Today’s 21st-century view on branding recognizes a more multidimensional approach. I prefer to create a more robust, interconnected, and organic kit of parts that gives my clients more freedom and flexibility. I also believe that companies and their respective brand elements start with people, where function, interpretation, and imagination play a daily role in how better decisions are made.
“I would like to see more innovation and creativity in livery design so that we move a bit further away from the rather commodified look of the ‘Eurowhite’ design schemes so many airlines appear to be adopting.”
The trick really is to ensure that any robust brand vocabulary can be linked back to the core storytelling ethos of the brand. Additionally, every design decision must somehow reconcile against a simple set of important attributes whose values and characteristics support everything from font choice and iconography to color palettes and imagery.
Once we have agreement on this foundational platform, subsequent design applications can evolve more easily.
Creatives in this field are a relatively small circle. Where did you turn for inspiration and guidance in developing your creative vision for Northern Pacific Airways?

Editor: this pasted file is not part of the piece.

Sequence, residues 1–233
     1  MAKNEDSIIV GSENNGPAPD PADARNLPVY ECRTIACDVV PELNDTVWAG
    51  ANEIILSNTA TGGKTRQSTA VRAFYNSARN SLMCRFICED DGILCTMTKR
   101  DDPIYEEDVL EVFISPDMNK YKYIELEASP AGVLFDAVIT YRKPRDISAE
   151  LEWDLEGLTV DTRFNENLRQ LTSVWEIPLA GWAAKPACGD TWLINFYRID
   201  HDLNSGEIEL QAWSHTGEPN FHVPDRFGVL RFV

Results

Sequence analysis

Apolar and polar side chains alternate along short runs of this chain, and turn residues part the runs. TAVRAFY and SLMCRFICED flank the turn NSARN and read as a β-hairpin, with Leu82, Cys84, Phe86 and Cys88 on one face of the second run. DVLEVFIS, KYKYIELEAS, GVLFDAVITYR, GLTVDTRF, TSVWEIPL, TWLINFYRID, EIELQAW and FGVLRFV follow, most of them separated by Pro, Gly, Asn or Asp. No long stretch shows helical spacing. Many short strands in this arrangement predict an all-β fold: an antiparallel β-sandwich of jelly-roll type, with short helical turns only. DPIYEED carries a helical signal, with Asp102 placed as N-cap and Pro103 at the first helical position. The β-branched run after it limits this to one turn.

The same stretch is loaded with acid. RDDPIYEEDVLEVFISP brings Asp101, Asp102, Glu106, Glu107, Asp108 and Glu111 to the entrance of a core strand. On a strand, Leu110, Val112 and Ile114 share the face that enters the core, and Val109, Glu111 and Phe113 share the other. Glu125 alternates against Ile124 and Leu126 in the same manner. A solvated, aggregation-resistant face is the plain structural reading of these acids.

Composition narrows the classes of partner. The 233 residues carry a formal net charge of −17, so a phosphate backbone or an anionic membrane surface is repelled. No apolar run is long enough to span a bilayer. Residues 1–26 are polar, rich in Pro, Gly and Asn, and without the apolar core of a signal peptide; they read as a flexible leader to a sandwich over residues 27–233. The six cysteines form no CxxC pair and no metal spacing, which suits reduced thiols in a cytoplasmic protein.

A lot of my inspiration for the Northern Pacific Airways brand and livery design came from the research and benchmarking process. Diving deep into both Alaska’s and Asia’s cultural and historical contexts informed key themes and visual approaches.
“Any business where there is a deep historical context and legacy combined with a diverse public fascination is fertile ground for creative exploration.”
I also spent time learning about the early pioneers and explorers who risked their lives to journey into unknown and rugged territories. I looked for themes that I could move forward into a more modern context in order to drive greater interest, relevance, and meaning.
What are some creative campaigns you’ve worked on over your career that you are most proud of?
I worked on a branding project for a payroll company where their master brand identity consisted of a simple, dimensional circle graphic. This rather ubiquitous mark perfectly symbolized the 24/7 nature of their business while at the same time supporting notions of collaboration and community.
Considering how conservative this client and their customers were, I was definitely taking a chance. However, the CEO to whom I reported directly was incredibly supportive and confident regarding both my thought process and overall design journey. I’m proud of that work and very grateful to have worked with such a supportive client who respected my craft.
As part of the work we undertook for Northern Pacific Airways, I was the lead producer and creative director in charge of imagining, designing, and executing the launch event for the airline’s newly painted aircraft.